Basic Biographical Details
|Name: ||Flockhart & Guthrie |
|Designation: ||Architectural practice |
|Started: ||Before 1912 |
|Ended: ||After 1913 |
|Bio Notes: ||William Flockhart was born in Glasgow in 1852 or 1853, the son of William Flockhart, tailor and clothier, and Margaret Gibson. There was a family link of some kind to Sir William Flockhart of Duncan Flockhart & Co, Edinburgh, the chemists who developed chloroform. In 1870 he was articled to Adamson & McLeod and took classes at Glasgow School of Art where he was a prize-winner in 1871-72. He presumably remained with McLeod after the dissolution of his partnership with Adamson c.1871-72, moving to Campbell Douglas & Sellars as assistant in 1876-77. After a year of study in London and Paris in 1878-79, he entered the office of William Wallace at 27a Old Bond Street, London, first as an assistant and then in partnership as Wallace & Flockhart, his earliest commission being the addition of a tower and spire to Newhaven Free Church where Sir William Flockhart was a member of the congregation. On 9 September 1880 he married Christine Lochhead at her home, 33 Granville Street Glasgow, the minister being A A Bonnar of Finnieston Free Church, on which he had worked when with Sellars, his own address being given as 15 Marlborough Place, St James Wood. |
Flockhart's clients tended to be either artists like Ricketts, Charles Shannon and John McWhirter and the photographers Elliot & Fry or extremely rich like his principal clients James Douglas Fletcher of Rosehaugh, Stuart Samuel, Samuel Montagu, Sir Edmund David, diamond merchant, the art dealer Joseph Duveen and Sir Frederick J Mirrielees of the Union Castle Mail Steamship Company. For the Union Castle Company he designed the interiors of S S Balmoral Castle in 1910. He was also consultant to the Derwent Valley Water Board and designed the architectural elements of the Derwent and Howden dams.
Flockhart was an extremely inventive and scholarly designer, something of a trial to the staff as designs were endlessly changed and perfected, sometimes after work was well under way. Goodhart Rendel described him as 'an extremely sensitive draughtsman', and 'potentially the best of the lot'.
The partnership of Wallace & Flockhart was dissolved c.1883, Flockhart continuing to practise alone. He was admitted FRIBA on 18 February 1901, his proposers being John Belcher, John McKean Brydon and Ernest George.
Flockhart appears to have taken his former senior assistant Leonard Rome Guthrie into partnership as Flockhart & Guthrie by 1912. Guthrie had been born in 1880, educated at Glasgow High School and articled to William Leiper from 1895 to 1899, during which period he had studied under William James Anderson at Glasgow School of Art. He had won the Thomson Scholarship in 1899, enabling him to spend eight months travelling in Italy, Spain, France and Germany the following year. On his return in 1901 he had spent some time travelling in Scotland, preparing drawings of Scottish gardens for Harry Inigo Triggs' book 'Formal Gardens of England and Scotland', and in the same year had became head draughtsman to Flockhart. He had left Flockhart in 1907 but had stayed in London to commence practice on his own account at 3 Gray's Inn Square. He had passed the qualifying exam in 1909 and been admitted ARIBA on 28 February 1910, his proposers being Flockhart, Andrew Noble Prentice and Edwin Alfred Rickards. He specialised in domestic architecture and landscaping, but was also appointed architect to the Royal Institution in 1913.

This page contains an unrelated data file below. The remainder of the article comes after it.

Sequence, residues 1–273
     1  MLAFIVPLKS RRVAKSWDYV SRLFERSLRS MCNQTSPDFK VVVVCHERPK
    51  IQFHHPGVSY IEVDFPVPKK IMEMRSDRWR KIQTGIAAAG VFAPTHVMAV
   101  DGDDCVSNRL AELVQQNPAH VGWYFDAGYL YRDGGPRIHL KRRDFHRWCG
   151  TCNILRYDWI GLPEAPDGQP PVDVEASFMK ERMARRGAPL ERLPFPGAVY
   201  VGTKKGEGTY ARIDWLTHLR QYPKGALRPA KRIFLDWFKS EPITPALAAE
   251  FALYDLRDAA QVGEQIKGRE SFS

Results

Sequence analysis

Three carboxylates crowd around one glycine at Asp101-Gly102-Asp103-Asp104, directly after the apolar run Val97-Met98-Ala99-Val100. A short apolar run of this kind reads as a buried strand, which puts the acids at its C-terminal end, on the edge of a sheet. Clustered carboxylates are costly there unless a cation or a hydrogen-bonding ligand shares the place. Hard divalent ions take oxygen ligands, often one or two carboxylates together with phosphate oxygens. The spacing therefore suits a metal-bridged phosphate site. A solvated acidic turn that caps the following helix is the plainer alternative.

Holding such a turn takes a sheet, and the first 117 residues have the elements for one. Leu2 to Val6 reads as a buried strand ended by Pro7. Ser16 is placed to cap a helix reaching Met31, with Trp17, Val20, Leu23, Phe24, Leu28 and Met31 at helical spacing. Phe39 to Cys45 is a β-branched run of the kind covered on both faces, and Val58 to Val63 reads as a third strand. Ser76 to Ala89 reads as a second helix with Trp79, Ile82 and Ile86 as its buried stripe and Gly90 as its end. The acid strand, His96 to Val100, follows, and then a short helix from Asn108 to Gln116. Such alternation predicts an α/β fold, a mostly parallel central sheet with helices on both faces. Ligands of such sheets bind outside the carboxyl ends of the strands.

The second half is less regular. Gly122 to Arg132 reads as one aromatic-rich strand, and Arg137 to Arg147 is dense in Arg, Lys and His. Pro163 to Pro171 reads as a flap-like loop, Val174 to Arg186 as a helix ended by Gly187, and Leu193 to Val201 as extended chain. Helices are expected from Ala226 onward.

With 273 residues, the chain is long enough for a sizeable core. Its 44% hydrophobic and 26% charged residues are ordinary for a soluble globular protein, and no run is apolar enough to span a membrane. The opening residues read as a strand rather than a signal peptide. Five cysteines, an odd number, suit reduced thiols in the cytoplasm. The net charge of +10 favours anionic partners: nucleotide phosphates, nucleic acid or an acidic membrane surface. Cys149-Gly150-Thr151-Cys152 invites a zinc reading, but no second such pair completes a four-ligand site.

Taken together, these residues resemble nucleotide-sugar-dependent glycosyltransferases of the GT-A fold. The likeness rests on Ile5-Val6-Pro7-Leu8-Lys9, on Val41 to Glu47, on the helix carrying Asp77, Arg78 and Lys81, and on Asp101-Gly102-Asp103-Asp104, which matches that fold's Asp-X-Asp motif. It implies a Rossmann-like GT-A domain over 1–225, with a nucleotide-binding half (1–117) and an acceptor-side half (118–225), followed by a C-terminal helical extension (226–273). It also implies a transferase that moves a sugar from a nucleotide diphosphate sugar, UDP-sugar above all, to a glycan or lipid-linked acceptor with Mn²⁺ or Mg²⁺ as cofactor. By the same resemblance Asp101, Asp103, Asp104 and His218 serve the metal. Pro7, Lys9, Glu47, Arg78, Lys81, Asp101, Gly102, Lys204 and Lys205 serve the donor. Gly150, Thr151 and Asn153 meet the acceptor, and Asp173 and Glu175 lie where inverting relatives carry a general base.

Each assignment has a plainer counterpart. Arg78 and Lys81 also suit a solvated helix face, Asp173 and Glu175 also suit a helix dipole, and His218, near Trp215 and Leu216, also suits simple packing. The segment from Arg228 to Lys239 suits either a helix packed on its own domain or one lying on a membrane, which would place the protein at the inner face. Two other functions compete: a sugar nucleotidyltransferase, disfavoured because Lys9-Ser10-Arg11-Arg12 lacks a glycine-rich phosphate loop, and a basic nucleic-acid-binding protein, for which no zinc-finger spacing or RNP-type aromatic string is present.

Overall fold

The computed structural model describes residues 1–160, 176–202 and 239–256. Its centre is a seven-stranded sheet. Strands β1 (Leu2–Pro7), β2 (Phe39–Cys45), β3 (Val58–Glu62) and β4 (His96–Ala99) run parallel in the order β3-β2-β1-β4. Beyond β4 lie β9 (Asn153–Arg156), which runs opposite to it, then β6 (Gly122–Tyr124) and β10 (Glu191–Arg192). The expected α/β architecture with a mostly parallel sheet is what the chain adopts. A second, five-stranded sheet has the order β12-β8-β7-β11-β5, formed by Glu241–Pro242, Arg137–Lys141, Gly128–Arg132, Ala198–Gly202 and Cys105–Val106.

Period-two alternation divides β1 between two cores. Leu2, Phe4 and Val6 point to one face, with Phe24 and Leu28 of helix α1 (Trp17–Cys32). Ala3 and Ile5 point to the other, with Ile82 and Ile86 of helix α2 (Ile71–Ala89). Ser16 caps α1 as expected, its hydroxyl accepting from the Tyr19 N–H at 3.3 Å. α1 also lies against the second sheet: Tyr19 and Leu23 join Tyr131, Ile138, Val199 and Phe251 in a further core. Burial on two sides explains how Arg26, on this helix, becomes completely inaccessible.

Flockhart died on 10 April 1913, leaving moveable estate of £29,631 6s 2d. He had one son who did not become an architect and two daughters, one of whom married Guthrie, who inherited the practice. Guthrie was elected FRIBA on 8 June 1925, his proposers being Edward Prioleau Warren, James Glen Sivewright Gibson and William Curtis Green. In that year he was taken into partnership by Edmund Walter Wimperis and William Begg Simpson of the London firm Wimperis & Simpson, who had recently achieved fame by winning the limited competition for the rebuilding of Fortnum & Masons in 1923. The practice title became Wimperis, Simpson & Guthrie.
Private and Business Addresses
|The following private or business addresses are associated with this architectural practice:|
| ||Address||Type||Date from||Date to||Notes|
|London, England||Business|| || || |
Employment and Training
Employees or Pupils
|The following individuals were employed or trained by this architectural practice (click on an item to view details):|
| ||Name||Date from||Date to||Position||Notes|
|Robert Hunter Cameron||c. 1911||c. 1913||Assistant||for 2 years 1 month|
|William Flockhart||Before 1912||1913||Partner|| |
|Leonard Rome Guthrie||Before 1912||After 1913||Partner|| |
|The following archives hold material relating to this architectural practice:|
| ||Source||Archive Name||Source Catalogue No.||Notes|
|RIBA Archive, Victoria & Albert Museum||RIBA Nomination Papers|| ||Robert Hunter Cameron: A v24 no2714 (microfilm reel 23) (mentions him working for Flockhart & Guthrie)|